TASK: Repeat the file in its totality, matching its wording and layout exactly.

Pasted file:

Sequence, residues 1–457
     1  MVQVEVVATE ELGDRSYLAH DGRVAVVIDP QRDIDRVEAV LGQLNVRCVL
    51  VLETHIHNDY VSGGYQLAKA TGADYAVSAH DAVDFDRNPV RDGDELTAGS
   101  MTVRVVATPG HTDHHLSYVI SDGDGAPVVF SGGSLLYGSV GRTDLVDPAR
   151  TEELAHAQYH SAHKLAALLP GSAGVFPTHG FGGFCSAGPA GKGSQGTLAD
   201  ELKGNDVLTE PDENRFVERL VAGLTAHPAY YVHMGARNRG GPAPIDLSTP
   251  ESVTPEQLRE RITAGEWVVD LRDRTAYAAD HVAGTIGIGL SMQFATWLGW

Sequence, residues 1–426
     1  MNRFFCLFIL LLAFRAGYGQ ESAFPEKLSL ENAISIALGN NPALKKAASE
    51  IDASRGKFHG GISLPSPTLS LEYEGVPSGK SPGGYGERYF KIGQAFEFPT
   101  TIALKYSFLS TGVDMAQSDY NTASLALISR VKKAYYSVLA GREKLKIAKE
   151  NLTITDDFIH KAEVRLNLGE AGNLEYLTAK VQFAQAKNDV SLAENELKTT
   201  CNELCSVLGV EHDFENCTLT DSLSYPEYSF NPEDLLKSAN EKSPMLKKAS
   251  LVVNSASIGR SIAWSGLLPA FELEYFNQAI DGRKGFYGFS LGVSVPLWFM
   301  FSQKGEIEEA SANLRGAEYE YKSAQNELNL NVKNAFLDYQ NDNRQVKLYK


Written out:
Sequence, residues 1–457
     1  MVQVEVVATE ELGDRSYLAH DGRVAVVIDP QRDIDRVEAV LGQLNVRCVL
    51  VLETHIHNDY VSGGYQLAKA TGADYAVSAH DAVDFDRNPV RDGDELTAGS
   101  MTVRVVATPG HTDHHLSYVI SDGDGAPVVF SGGSLLYGSV GRTDLVDPAR
   151  TEELAHAQYH SAHKLAALLP GSAGVFPTHG FGGFCSAGPA GKGSQGTLAD
   201  ELKGNDVLTE PDENRFVERL VAGLTAHPAY YVHMGARNRG GPAPIDLSTP
   251  ESVTPEQLRE RITAGEWVVD LRDRTAYAAD HVAGTIGIGL SMQFATWLGW

Sequence, residues 1–426
     1  MNRFFCLFIL LLAFRAGYGQ ESAFPEKLSL ENAISIALGN NPALKKAASE
    51  IDASRGKFHG GISLPSPTLS LEYEGVPSGK SPGGYGERYF KIGQAFEFPT
   101  TIALKYSFLS TGVDMAQSDY NTASLALISR VKKAYYSVLA GREKLKIAKE
   151  NLTITDDFIH KAEVRLNLGE AGNLEYLTAK VQFAQAKNDV SLAENELKTT
   201  CNELCSVLGV EHDFENCTLT DSLSYPEYSF NPEDLLKSAN EKSPMLKKAS
   251  LVVNSASIGR SIAWSGLLPA FELEYFNQAI DGRKGFYGFS LGVSVPLWFM
   301  FSQKGEIEEA SANLRGAEYE YKSAQNELNL NVKNAFLDYQ NDNRQVKLYK